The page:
The missions not-for-profits (NFPs) follow do not make them immune to the business difficulties faced in other sectors.
Complexity, regulation, globalization, and economic trends all are creating challenges for NFPs, their leaders, and the CPAs who work with them. New accounting standards for NFPs are under development, and NFPs face new demands for transparency as the economy and donors recover from the financial crisis.
Here are six developments discussed Thursday at the AICPA Not-for-Profit Industry Conference in Washington:
FASB proposal coming. A FASB proposal designed to improve financial reporting for NFPs is expected to be released as an exposure draft in the fall, said Jeffrey Mechanick, CPA, CGMA, the assistant director for nonpublic entities at FASB.
One highlight of the proposal is expected to be a reclassification of net assets. Under current U.S. GAAP, net assets are divided into three categories—unrestricted, temporarily restricted, and permanently restricted.
The proposal is expected to divide assets into two classes—without donor restrictions and with donor restrictions—with some new disclosures required.
Policies on gifts, ethics needed. Various situations in which donors are suing NFPs highlight the need for strong, consistent policies and agreements on gifts and ethics, said Lou Mezzina, national industry director for higher education and other NFPs at KPMG.
“Keep good records,” Mezzina said. “Follow consistent gift acceptance policies. Craft solid gift agreements. Follow good communication policies inside the organization and with the donor. And, finally, include an ethics clause in all agreements.”
Young donors want information. NFPs are finding that younger donors often want measurable information on how organizations are spending their resources.
“Generation Y is more likely to demand accountability and transparency,” Mezzina said.
Quarterly earnings calls experiment. In the name of transparency, some NFPs have been experimenting with quarterly earnings calls to give interested parties information on their performance.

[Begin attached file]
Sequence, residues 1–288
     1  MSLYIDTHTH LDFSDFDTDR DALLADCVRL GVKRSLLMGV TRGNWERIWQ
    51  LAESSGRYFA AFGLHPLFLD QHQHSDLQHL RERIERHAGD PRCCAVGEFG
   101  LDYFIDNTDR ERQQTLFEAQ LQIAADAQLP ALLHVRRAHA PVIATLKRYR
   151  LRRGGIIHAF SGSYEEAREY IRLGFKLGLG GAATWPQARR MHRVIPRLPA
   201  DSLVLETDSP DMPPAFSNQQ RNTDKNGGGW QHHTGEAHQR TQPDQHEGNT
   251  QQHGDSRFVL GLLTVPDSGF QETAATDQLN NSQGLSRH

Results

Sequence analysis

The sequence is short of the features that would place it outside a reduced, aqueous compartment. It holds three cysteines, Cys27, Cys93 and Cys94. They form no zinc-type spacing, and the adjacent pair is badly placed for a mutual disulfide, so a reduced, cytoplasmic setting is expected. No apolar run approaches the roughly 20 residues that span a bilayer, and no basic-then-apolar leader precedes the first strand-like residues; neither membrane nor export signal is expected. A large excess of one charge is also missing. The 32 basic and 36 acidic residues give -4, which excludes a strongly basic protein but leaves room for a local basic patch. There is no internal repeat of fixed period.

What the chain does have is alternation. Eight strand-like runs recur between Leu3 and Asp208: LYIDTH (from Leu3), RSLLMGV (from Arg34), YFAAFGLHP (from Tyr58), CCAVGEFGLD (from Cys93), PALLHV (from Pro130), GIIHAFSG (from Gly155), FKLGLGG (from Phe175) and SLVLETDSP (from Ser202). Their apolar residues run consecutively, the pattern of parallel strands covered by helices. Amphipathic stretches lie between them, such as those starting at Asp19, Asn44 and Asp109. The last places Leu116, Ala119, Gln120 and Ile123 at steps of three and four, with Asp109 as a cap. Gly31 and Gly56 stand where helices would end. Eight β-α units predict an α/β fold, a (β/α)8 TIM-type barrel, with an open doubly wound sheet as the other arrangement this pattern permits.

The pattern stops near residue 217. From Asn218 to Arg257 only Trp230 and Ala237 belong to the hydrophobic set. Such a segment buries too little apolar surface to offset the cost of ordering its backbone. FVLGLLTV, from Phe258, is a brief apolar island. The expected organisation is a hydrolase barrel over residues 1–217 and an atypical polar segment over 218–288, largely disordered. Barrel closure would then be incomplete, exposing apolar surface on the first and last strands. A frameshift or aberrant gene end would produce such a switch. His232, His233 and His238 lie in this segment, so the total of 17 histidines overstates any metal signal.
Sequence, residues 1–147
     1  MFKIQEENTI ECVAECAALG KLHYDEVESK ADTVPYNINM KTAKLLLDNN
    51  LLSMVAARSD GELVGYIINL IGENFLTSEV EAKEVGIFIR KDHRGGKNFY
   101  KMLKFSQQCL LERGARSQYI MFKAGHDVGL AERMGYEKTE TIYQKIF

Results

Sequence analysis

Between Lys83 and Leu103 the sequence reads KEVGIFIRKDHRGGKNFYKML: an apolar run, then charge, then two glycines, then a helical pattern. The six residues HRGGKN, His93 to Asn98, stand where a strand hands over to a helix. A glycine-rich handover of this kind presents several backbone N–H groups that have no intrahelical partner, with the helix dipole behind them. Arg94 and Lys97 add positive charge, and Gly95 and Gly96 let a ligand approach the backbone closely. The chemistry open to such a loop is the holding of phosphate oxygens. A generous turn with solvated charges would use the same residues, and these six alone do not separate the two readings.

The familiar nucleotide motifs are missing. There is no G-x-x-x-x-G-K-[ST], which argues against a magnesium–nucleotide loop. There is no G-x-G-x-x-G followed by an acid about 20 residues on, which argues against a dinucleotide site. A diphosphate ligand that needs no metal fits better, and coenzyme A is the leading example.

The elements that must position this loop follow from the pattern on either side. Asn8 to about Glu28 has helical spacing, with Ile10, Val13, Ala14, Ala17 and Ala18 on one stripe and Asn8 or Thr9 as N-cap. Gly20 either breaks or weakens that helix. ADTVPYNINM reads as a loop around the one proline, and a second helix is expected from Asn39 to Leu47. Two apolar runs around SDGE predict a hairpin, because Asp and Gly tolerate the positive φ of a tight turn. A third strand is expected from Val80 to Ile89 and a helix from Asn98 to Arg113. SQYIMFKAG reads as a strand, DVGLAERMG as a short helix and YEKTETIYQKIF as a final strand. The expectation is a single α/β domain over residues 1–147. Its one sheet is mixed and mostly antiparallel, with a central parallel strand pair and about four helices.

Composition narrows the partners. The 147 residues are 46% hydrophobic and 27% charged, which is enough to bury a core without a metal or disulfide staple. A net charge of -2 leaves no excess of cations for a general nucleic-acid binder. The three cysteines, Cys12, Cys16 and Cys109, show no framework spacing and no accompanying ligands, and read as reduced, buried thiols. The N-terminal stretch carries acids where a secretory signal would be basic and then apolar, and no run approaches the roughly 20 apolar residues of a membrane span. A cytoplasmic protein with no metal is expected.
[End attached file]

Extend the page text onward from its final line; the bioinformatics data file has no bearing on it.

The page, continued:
GuideStar USA—an NFP that aggregates and provides information about NFPs as a service to donors and the public—is among them. GuideStar jokingly labels the calls an “anti-hypocrisy mechanism,” because his organization often calls for transparency in the sector, said Jacob Harold, GuideStar’s president and CEO.
GuideStar has received great feedback about the calls, he said, but the organization also has been cautioned not to let the attention to quarterly results contribute to short-termism.
“We are definitely not saying that the cycles of social change are that short,” Harold said.
Middle class a concern. Surveys have shown that the wealthy have fared well in the recovery from the financial crisis, but the middle class has struggled to bounce back.
Mezzina said this is causing difficulties for NFPs because while they may be having success recruiting wealthy donors, smaller donations may be more difficult to secure than before the financial crisis. For example, $25 donations by people of modest income to sponsor friends who are doing walks or runs to benefit a cause may be more difficult to procure now, Mezzina said.
“Those numbers are dramatically impacted by the shrinking middle class,” Mezzina said. “… It’s that middle class that we’re concerned about.”
“Starvation cycle.” In some cases, NFPs are struggling to accomplish their missions because the donating public has been convinced that overhead ratios and fundraising ratios measure performance, Harold said.
He said this is leading to an NFP “starvation cycle.”
Although those ratios are valuable data points, they don’t provide critical information about the people and communities the NFPs are trying to serve, Harold said. But ever conscious of those ratios, NFPs are failing to fund core operations and failing to invest in people and measurement systems, Harold said.
“We have to allow NFPs to invest in themselves,” he said.
—Ken Tysiac (firstname.lastname@example.org) is a JofA senior editor.